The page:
Bentley’s owners touched by treatment facility’s mission

Joseph Kenny | jkenny@stlouisreview.com

Lisa and Giovanni Senafe, owners and founders of Bentley's Pet Stuff, could have picked any children's agency in the 10 states where they have stores to support this Christmas.

They chose St. Vincent Home for Children in Normandy, and will provide Christmas gifts for the children at the home. The Senafes are passionate about helping pets — that's their business after all — but they're also passionate about helping children in need. It counters a criticism of people who assist agencies helping stray pets at a perceived expense of homeless people, for example.

"We want to do as much as we can with not only shelters for dogs and cats and rescues, but we also want to do as much as we can for children," Lisa Senafe said Nov. 2 while visiting St. Vincent from her home in Chicago. Founded in the Catholic tradition, St. Vincent is a safe and caring community in which troubled adolescents have life-changing opportunities that build character, self-respect and coping skills. It helps youth facing significant life challenges through love, security and therapeutic support.

"St. Vincent has a great program, not only providing food and shelter, but providing life skills to help them get their life going in the right direction. ... children don't always have their own voice. It's nice to have places that help them and speak up for them," Senafe said.

The Catholic couple has two adopted sons and want to make sure any child has the same opportunities they have. "We've always been taught to do what you can to help others," Senafe said. "My parents were always helping neighbors, family members and others as they got older. I was fortunate to grow up in that environment and learn from them and from the Church to always give back. I am lucky enough to have a husband who feels the same way."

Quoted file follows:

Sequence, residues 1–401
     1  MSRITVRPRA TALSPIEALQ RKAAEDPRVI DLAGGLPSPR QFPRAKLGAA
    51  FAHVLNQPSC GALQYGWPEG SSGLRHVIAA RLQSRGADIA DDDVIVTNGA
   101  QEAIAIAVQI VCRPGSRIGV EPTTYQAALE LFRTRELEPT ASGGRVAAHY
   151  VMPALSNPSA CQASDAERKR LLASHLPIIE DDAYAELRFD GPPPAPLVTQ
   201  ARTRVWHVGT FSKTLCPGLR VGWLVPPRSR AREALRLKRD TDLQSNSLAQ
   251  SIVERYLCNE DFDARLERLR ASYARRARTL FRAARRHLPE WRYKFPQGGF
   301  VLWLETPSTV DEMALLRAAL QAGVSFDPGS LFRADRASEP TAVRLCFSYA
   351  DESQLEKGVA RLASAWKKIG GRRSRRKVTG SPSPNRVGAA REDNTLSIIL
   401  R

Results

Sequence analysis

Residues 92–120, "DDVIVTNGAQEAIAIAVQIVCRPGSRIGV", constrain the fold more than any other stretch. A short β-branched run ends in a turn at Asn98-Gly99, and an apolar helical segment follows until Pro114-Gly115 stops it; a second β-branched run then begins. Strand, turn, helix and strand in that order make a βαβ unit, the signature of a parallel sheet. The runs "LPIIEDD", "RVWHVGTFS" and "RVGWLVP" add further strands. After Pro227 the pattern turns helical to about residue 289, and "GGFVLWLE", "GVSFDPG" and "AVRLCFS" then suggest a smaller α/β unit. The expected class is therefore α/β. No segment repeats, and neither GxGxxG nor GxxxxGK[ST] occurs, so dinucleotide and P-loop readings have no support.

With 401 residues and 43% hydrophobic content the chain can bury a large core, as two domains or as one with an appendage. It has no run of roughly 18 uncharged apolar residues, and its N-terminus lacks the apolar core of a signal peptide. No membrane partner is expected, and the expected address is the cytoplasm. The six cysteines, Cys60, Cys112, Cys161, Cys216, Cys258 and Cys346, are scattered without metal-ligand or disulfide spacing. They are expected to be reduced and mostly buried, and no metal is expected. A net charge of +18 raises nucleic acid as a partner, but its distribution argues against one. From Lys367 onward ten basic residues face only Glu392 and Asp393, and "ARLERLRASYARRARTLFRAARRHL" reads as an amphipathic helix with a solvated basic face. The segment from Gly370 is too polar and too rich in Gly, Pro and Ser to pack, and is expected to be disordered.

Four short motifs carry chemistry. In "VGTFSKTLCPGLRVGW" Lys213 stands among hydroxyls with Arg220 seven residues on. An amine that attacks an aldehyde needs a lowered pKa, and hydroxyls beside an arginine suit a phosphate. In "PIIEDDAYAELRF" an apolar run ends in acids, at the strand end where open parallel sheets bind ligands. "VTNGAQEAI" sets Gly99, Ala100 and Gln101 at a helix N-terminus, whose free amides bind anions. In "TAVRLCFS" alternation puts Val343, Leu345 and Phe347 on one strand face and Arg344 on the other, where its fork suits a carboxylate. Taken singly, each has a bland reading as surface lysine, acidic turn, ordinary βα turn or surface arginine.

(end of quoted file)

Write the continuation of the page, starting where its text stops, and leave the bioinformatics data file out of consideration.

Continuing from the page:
Bob Devine, chief development officer at St. Vincent, said the vast majority of St. Vincent clients live in poverty with a household income less than $10,000 annually. Services are provided to them at no charge. Poverty affects children in many ways, often bringing trauma. St. Vincent services help them heal and develop life skills.

Government funds pay some of the costs. Donors, many from the Catholic community, help in many ways, Devine said, including Bentley's, which is providing Christmas gifts to the children. St. Ann Parish in Normandy is providing Christmas trees, lights and ornaments. A Jesuit priest will celebrate Mass on Christmas Eve at 4 p.m. in the chapel at St. Vincent.

Carol Ann Aubuchon's commitment to St. Vincent Home for Children began with her father 70 years ago. A member of St. Margaret Mary Alacoque Parish in south St. Louis County, she is the fifth person in her family to serve on the board. As a Catholic, Aubuchon stated, it is important to remember the history of St. Vincent in the St. Louis Archdiocese, including the contribution of the Sisters of St. Joseph and the Sisters of Christian Charity.

"The mission is the same, following the example of St. Vincent de Paul to care for those in need whether they are Catholic or not," she explained. "My role is to be sure that the past history is not forgotten. Our meetings begin and end with prayer, and the chapel is maintained and continues to be used for various spiritual and cultural events." 

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